Look around on Facebook at other moms who have young kids – I bet that a good portion of their status updates revolve around SLEEP and how much of it their kids get. Sleep is one of a mother’s biggest enemies. We love it when our kids sleep well and torture ourselves when the opposite happens. We celebrate that moment when our children “sleep through the night” and we ask ourselves, “What the hell am I doing wrong?” when they regress and/or go through a rough patch.
My daughter suffers from night terrors – a topic for another day. Recently after a particularly bad bout of night terrors where she had episodes twice a night for about 2 weeks, she developed some poor sleep associations. Once the terrors passed, she still woke up at the same times strictly out of habit and then was up for the day at 5AM instead of her normal 6:45AM. This went on for about 2 months and to put it mildly, it sucked.
I had the chance to attend a sleep seminar where I raised the question of “What the hell should I do?” and followed it up with some direct correspondence with the sleep consultant. What it boiled down to was that I had to make a few small adjustments to our schedules to get her to sleep longer, and then re-sleep train her to prevent her from nightwaking. I wanted to share some tips that were given to me in hopes that this can help some of you (these tips are for kids that are down to a single nap or no nap at all). Some of it sounds counter-intuitive, but I SWEAR it works.
I should preface this by saying that most of the guidelines on clock time have to do with the impact on sleep cycles, which are based on circadian rhythms, which in turn are based on the amount of natural light that someone is exposed to. Some people believe that they can put their kids to bed later and they’ll just wake later, but the reality is that if a child’s bedtime is later, more of their waking time has been when there has been less sunlight.
1. If you want to lengthen nighttime sleep, get your child down for a nap NO LATER than about 1pm. The optimal time is anywhere between about 12-1pm to coincide with circadian body rhythms. If your child goes down later than that, it will disrupt nighttime sleep, most likely resulting in a later bedtime and earlier wake time. She stated that if you miss the “nap window,” she’d much rather prefer that you skip the nap altogether and then put the child to bed as early as possible.
** Most kids could in theory keep naps/downtime until about 3-1/2. The expert had some data that showed that on average, kids with SAHMs or nannies give up naps sooner than kids in a fulltime daycare setting (where napping is part of their schedule) because of the structure and consistency imposed by the daycare schedule and setting.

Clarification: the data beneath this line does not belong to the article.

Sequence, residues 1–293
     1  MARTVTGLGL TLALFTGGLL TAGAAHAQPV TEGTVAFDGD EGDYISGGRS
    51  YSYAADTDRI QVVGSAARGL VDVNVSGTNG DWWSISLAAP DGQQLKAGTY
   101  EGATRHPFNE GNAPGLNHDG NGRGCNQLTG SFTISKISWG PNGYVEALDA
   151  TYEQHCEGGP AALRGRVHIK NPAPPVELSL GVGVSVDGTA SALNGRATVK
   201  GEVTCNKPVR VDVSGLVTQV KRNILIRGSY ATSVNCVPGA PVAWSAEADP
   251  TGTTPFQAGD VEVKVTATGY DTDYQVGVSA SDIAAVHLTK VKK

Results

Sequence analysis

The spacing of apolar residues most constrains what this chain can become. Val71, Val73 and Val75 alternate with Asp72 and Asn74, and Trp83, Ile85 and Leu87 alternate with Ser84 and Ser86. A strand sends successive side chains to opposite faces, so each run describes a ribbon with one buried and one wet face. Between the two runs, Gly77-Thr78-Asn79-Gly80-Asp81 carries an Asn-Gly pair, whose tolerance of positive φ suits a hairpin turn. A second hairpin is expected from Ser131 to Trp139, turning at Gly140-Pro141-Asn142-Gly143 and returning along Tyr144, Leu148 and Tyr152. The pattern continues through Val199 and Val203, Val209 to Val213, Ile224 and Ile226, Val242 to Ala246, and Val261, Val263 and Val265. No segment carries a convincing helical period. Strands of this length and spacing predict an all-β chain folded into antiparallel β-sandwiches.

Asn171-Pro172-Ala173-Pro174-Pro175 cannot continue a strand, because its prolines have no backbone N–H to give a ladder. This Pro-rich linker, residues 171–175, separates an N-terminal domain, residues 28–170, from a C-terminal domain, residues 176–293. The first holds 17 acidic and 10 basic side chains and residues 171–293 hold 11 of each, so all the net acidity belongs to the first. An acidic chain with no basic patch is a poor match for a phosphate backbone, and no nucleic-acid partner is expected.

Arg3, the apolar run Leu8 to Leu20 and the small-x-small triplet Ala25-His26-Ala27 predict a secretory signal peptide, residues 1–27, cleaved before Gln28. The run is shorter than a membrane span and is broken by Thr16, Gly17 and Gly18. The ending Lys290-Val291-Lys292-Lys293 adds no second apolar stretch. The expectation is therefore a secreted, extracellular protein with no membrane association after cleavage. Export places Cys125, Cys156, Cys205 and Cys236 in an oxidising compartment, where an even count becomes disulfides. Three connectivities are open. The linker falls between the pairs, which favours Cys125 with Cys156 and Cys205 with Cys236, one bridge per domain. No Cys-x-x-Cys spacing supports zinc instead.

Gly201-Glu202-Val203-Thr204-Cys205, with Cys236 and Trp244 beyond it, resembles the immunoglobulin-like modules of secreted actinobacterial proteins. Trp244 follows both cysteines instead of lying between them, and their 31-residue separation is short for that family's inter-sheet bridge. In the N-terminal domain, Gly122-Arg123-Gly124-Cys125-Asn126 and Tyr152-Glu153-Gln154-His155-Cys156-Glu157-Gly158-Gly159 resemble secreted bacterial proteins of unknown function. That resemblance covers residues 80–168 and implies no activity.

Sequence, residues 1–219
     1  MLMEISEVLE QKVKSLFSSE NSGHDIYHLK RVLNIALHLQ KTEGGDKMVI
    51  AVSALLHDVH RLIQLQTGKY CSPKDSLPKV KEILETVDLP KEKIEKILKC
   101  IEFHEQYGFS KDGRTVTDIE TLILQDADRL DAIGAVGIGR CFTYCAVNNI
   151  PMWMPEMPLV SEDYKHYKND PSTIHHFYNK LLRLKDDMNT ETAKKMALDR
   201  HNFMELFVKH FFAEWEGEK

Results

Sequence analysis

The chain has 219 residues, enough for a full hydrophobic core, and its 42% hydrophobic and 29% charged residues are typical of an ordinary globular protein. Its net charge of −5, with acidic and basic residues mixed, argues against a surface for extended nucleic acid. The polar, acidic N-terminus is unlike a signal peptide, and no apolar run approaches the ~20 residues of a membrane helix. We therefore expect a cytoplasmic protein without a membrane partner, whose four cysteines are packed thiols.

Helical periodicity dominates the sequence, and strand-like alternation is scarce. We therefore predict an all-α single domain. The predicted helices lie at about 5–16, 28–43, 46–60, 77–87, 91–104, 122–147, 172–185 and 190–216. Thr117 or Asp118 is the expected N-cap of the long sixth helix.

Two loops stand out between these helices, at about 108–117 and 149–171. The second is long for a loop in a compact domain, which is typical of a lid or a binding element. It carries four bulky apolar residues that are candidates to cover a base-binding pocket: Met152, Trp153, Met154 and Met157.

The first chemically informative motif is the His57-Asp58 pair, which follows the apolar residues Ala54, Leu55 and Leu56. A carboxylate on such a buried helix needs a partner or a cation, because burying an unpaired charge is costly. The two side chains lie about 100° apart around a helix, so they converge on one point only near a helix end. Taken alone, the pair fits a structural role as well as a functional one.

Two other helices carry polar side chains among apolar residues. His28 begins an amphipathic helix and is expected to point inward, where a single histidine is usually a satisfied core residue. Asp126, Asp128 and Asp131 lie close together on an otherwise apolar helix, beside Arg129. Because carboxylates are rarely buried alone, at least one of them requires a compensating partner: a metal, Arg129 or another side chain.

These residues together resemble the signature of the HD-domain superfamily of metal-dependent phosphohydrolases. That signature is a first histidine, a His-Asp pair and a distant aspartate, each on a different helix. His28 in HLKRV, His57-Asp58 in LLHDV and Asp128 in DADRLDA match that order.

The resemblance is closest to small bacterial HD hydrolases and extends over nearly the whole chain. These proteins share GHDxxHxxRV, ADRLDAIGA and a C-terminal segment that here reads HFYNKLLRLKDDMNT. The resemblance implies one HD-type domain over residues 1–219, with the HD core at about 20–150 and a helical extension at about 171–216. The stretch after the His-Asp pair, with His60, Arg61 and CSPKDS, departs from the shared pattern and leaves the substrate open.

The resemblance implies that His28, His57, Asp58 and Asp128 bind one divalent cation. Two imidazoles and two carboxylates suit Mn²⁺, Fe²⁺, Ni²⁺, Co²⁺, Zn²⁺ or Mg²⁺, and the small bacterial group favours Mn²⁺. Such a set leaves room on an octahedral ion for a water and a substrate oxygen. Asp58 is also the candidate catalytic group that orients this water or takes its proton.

2. Bedtime no later than 8pm (optimal window is 6:30-8pm – impossible for working moms to get their kid to bed by 6:30, but 8pm is doable). If your child has his/her second wind by that time, it means that their bedtime is too late.
3. Get rid of external stimuli – this means trash the nightlight, silence background music. Make the room as dark as you can because any light is distracting (even coming from a clock). The brain processes even minimal amounts of light and sound.
4. No stimulation (TV/radio/videogames) for at least an hour before bed.
5. Keep it cool. Kids have a difficult time falling asleep and staying asleep if they are too warm.
6. Sleep aides – a) Toddler sleep clock (she swears by these); b) Sound blockers – white noise machine or fan; c) Room darkening shades for both naptime and bedtime.
7. Kids this age CAN be reasoned with. Give them one soft toy (and maybe one book) and tell them that if they wake up, to hug the toy. REMOVE ALL OTHER TOYS from their bed/crib. The draw of playtime in the morning is just too strong.
8. Consistency is key. Kids are creatures of habit and they learn by rote example. A consistent bedtime routine is critical, NO DEVIATIONS.
We did everything above (except the toddler clock because she’s terrified of it) to get her to sleep later but in addition to that, we had to deal with night wakings which are a whole different ballgame. Lemme tell you, sleep training a toddler SUCKS BIGTIME because these kids now talk. We chose the cry-it-out method. I endured hours of “I’m so saddddddddd!!” or “Help me! Help me!” for almost a week. But after the 3rd night, she slept until 6:30AM (but still night waking at least once). After the 5th night, and for every night since, we have had peep-free nights. Five nights of hell for a future of peaceful sleep. It all worked – I was a skeptic and now I am a convert.